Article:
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A strong version of this idea suggests that once the positive feedback starts to play a role, it will lead to a very dramatic leap in capability very quickly. This is known as a “hard takeoff.” In this scenario, technological progress drops into the characteristic timescale of transistors rather than human neurons, and the ascent rapidly surges upward and creates superintelligence (a mind orders of magnitude more powerful than a human's) before it hits physical limits. A hard takeoff is distinguished from a "soft takeoff" only by the speed with which said limits are reached.
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==Published arguments==
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Philosopher David Chalmers published a [http://consc.net/papers/singularity.pdf significant analysis of the Singularity], focusing on intelligence explosions, in ''Journal of Consciousness Studies''. [[Singularity#Chalmers.27_analysis|His analysis]] of how they could occur defends the likelihood of an intelligence explosion. He performed a very careful analysis of the main premises and arguments for the existence of the a singularity from an intelligence explosion. According to him, the main argument is:"
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*1. There will be AI (before long, absent defeaters).
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*2. If there is AI, there will be AI+ (soon after, absent defeaters).
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*3. If there is AI+, there will be AI++ (soon after, absent defeaters).
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—————-
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*4. There will be AI++ (before too long, absent defeaters). "
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He also discusses the nature of general intelligence, and possible obstacles to a singularity. A good deal of discussion is given to the dangers of an intelligence explosion, and Chalmers concludes that we must negotiate it very carefully by building the correct values into the initial AIs.
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[http://lesswrong.com/user/lukeprog Luke Muehlhauser] and [http://lesswrong.com/user/AnnaSalamon Anna Salamon] argue in [http://intelligence.org/files/IE-EI.pdf ''Intelligence Explosion: Evidence and Import''] in detail that there is a substantial chance of an intelligence explosion within 100 years, and extremely critical in determining the future. They trace the implications of many types of upcoming technologies, and point out the feedback loops present in them. This leads them to deduce that an above-human level AI will almost certainly lead to an intelligence explosion. They conclude with recommendations for bringing about a safe intelligence explosion.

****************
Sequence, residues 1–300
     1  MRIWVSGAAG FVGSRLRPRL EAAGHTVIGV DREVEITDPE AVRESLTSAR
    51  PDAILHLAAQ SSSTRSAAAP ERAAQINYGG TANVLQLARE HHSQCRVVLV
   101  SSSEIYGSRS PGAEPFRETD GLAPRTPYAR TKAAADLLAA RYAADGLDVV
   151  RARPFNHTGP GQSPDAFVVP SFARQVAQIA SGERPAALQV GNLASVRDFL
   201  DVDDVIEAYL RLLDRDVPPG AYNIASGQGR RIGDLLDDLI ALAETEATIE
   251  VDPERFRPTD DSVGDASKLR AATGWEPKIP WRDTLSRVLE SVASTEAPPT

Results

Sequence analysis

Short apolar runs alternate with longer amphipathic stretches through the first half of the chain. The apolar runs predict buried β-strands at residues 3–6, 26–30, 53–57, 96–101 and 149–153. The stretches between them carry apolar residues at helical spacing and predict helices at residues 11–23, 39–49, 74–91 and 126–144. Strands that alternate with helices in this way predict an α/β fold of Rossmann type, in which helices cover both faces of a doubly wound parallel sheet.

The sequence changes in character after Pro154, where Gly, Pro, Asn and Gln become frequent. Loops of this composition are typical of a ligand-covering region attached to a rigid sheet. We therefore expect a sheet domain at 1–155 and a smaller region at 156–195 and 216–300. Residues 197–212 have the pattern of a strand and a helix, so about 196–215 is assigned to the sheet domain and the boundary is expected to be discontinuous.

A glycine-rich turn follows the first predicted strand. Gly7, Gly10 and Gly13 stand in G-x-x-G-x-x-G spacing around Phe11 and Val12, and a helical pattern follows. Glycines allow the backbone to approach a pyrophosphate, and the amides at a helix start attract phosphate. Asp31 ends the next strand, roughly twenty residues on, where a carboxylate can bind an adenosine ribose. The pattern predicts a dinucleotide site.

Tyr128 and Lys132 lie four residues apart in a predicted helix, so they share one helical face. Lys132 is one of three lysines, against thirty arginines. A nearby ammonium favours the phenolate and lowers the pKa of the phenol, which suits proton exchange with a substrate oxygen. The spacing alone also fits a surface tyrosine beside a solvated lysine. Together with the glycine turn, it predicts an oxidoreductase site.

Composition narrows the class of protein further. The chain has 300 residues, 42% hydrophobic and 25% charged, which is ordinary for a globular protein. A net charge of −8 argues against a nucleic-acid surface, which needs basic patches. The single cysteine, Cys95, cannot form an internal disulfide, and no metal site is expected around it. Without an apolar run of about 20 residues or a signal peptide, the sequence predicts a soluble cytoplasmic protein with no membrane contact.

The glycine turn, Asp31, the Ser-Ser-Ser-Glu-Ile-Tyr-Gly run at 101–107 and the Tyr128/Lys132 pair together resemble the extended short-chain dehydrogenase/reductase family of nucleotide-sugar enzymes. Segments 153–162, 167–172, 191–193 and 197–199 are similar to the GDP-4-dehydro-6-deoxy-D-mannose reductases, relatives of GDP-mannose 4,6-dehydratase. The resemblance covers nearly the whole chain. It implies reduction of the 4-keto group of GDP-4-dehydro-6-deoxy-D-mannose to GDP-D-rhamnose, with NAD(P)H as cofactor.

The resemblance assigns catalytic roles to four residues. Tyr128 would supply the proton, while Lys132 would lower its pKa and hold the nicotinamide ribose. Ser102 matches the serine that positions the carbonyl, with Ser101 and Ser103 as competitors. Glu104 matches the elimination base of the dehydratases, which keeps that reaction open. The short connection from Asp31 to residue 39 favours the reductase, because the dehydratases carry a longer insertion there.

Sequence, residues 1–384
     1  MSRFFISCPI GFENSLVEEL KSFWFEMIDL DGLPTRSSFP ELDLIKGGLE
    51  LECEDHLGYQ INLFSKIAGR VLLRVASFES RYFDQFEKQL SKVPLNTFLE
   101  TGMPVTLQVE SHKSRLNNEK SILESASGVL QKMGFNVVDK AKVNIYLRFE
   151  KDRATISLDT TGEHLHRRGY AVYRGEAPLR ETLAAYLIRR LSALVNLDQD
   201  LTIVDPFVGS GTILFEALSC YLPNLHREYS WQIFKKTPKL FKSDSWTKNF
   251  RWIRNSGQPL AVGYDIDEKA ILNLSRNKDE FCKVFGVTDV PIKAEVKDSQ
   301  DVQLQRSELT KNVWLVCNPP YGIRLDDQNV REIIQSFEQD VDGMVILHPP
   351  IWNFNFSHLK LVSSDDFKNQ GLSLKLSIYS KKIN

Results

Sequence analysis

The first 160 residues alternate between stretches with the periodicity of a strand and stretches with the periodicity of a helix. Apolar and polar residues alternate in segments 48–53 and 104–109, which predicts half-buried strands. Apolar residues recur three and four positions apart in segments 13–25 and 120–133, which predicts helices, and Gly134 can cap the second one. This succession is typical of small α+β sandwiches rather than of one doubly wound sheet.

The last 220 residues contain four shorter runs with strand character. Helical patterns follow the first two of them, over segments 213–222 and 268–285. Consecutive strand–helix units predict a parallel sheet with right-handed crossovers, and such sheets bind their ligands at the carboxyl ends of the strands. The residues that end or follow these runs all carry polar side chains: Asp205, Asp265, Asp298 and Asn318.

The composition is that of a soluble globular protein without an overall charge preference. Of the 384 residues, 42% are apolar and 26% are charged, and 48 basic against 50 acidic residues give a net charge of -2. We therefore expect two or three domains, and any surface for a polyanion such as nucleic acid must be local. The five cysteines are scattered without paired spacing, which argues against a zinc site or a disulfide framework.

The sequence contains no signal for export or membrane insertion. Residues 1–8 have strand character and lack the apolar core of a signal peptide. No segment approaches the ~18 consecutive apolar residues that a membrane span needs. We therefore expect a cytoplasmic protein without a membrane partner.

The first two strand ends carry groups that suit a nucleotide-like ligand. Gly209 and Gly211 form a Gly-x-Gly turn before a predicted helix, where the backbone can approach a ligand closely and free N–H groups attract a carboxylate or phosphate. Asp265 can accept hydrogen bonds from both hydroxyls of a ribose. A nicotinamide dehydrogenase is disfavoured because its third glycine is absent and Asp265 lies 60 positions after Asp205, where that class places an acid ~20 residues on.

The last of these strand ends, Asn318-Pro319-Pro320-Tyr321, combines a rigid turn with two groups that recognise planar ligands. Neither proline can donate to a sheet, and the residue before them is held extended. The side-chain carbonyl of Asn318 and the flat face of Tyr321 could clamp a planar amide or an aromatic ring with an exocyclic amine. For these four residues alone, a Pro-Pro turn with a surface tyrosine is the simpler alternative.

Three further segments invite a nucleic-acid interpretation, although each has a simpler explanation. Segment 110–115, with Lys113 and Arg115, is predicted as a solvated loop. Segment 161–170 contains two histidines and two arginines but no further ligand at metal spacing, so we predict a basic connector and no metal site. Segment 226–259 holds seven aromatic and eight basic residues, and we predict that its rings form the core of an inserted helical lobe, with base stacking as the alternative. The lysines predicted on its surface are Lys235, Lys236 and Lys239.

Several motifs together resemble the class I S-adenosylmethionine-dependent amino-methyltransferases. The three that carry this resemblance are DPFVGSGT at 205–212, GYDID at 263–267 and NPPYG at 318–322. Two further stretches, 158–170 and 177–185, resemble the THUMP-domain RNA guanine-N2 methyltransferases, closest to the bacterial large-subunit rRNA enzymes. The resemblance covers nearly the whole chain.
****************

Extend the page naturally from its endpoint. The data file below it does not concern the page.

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==Hypothetical path==
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The following is a common example of a possible path for an AI to bring about an intelligence explosion. First, the AI is smart enough to conclude that inventing molecular nanotechnology will be of greatest benefit to it. Its first act of recursive self-improvement is to gain access to other computers over the internet. This extra computational ability increases the depth and breadth of its search processes. It then uses gained knowledge of material physics and a distributed computing program to invent the first general assembler nanomachine. Then it uses some manufacturing technology, accessible from the internet, to build and deploy the nanotech. It programs the nanotech to turn a large section of bedrock into a supercomputer. This is its second act of recursive self-improvement, only possible because of the first. Then it could use this enormous computing power to consider hundreds of alternative decision algorithms, better computing structures and so on. After this, this AI would go from a near to human level intelligence to a superintelligence, providing a dramatic and abruptly increase in capability.